Retailers are reporting that at least 4,300 stores will close in 2020 and that this number will increase.  Prior to the pandemic, Cushman & Wakefield estimated that as many as 12,000 major chain stores could close in 2020.  Coresight Research predicted 15,000 store closures prior to the pandemic and have now predicted between 20,000 to 25,000 stores closures as the year continues with 55% to 60% of these closures occurring in U.S. malls.  This beats the record of 9,300 locations in 2019.   And these figures may continue to grow especially if the government cuts off funding to businesses.


Disappearing Retail

According to, the following retailers have or will close all or some of their U.S. stores:

Closing 200+ stores:

Pier1 Imports – 450; GameStop – 320; Signet Jewelers – 300; Papyrus – 254; Victoria Secret – 238; Gap – 230; Tuesday Morning – 230; Walgreens – 200; Chico’s – 200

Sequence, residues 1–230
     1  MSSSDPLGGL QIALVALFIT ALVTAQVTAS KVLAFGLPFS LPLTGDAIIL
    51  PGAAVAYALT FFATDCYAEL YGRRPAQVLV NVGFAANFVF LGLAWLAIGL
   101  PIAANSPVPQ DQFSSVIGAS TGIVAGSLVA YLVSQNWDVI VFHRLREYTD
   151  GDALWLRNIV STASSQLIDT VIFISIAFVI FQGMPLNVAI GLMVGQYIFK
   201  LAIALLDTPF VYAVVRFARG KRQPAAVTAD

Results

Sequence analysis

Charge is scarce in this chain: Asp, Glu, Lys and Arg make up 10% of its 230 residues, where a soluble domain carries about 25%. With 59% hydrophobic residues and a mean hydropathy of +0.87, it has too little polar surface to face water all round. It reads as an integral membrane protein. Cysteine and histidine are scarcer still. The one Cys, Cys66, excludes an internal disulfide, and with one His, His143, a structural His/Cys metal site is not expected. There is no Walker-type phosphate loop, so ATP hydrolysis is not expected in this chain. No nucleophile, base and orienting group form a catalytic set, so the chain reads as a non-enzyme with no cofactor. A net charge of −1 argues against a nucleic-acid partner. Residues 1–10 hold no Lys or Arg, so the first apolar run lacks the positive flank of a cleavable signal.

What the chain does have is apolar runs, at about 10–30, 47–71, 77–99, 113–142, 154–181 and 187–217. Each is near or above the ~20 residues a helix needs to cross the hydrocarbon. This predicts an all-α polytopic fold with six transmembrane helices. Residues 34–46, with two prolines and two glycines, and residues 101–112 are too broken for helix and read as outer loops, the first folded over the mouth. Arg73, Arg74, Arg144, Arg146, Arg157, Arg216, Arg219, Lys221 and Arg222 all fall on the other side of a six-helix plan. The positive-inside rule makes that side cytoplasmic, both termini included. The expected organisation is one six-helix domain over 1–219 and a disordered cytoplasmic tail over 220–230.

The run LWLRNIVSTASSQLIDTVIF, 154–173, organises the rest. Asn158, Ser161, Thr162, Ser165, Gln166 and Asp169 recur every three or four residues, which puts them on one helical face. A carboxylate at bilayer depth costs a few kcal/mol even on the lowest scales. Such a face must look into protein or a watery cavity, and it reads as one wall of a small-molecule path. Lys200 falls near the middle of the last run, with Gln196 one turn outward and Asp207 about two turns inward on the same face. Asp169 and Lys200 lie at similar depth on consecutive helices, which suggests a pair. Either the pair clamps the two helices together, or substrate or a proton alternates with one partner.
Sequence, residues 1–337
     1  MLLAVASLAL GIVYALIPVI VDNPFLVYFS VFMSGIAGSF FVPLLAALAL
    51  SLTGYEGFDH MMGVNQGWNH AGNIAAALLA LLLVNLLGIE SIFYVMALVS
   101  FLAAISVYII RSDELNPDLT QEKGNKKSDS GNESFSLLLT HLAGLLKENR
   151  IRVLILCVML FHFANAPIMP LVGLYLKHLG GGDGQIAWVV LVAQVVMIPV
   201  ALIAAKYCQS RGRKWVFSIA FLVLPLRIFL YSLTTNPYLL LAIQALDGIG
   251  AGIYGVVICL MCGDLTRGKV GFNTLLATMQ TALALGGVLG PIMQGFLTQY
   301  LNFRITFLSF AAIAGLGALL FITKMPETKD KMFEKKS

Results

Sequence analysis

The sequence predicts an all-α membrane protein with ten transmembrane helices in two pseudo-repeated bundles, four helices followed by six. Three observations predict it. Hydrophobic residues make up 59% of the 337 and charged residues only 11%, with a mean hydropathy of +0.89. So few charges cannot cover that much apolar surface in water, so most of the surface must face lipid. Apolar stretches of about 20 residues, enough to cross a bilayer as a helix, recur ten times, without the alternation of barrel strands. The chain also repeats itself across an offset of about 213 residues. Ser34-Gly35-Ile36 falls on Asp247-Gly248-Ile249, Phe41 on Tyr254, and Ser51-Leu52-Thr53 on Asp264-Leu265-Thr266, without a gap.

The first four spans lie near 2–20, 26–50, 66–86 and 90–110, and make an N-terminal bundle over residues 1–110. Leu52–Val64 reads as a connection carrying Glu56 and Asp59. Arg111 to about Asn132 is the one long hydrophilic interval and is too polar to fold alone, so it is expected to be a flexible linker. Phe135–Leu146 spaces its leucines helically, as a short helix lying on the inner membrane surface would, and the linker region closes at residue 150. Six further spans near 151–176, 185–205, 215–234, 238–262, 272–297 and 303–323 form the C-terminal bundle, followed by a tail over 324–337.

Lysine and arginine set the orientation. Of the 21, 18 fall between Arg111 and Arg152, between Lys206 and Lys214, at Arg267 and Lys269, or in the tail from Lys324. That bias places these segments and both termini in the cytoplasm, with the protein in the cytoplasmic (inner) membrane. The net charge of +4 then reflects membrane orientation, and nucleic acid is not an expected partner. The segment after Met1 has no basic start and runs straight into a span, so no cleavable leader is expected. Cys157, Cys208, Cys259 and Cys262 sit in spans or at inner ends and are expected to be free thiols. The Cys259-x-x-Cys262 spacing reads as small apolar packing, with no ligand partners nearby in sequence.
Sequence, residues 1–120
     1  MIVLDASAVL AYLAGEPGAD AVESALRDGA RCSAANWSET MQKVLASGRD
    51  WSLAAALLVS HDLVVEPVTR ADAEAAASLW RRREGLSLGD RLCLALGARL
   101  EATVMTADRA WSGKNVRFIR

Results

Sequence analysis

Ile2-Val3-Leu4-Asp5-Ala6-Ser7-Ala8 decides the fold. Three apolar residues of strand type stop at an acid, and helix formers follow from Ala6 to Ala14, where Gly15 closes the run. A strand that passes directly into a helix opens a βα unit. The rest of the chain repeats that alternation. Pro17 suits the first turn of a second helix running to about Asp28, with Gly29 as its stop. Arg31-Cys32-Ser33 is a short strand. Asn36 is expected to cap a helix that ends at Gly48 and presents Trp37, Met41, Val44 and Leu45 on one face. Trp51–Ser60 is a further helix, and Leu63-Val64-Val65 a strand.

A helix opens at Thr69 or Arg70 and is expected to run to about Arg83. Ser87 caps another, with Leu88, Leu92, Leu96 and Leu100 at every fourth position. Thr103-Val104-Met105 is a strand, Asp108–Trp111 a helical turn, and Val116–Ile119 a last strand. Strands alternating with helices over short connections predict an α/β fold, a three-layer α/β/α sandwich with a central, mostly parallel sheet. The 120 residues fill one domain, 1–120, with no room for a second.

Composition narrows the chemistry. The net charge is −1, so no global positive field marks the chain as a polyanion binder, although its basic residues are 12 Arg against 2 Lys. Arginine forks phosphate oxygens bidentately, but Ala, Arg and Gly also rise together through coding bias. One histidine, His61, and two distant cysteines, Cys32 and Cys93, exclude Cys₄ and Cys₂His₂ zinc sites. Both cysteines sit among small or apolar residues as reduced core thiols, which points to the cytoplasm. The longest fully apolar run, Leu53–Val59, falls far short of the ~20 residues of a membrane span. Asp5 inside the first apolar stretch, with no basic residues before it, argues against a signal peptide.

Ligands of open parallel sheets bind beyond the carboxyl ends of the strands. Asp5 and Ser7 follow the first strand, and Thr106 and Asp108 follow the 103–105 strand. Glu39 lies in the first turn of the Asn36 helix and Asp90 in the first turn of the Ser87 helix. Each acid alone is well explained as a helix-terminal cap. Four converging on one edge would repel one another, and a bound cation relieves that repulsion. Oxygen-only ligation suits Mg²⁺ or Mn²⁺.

Closing 50-199 stores:

Wilsons Leather and G.H. Bass – 199; Destination Maternity – 183; Forever 21 – 178; JC Penney – 142; Modell’s – 153; A.C. Moore – 145; Macy’s – 125; Art Van Furniture – 125; Bose – 119; Guess – 100


Other closings:

Olympia Sports – 76; Sears – 51; Earth Fare – 50; Bath & Body Works – 50; Kmart – 45; Bed, Bath & Beyond – 44; Lucky’s Market – 32; Express – 31; Neiman Marcus – 20; Nordstrom – 19;  Hallmark – 16; Walmart – 3 


Further Trouble for Landlords

This news does not bode well for landlords who are dealing with an oversupply of vacant spaces and not enough demand to fill them.  Tenants are already seeking rent abatements and/or rent reductions. Some are also seeking to downsize.  Landlords, on the other hand are facing their own financial pressures, as they too, are seeking to renegotiate their loans with lenders who are growing impatient.  On top of all this gloom and doom is the fact that consumer spending has declined and is expected to continue to decline. 

All of this leads to the conclusion that as the retail apocalypse continues, bankruptcy filings will continue to rise as retailers and their respective shopping centers and malls find a way to reorganize and survive in these ever-changing times.


Avatar of Jonathan Spigel
Jonathan M. Spigel is a Shareholder and member of the Cowles and Thompson Tort Litigation Practice Group.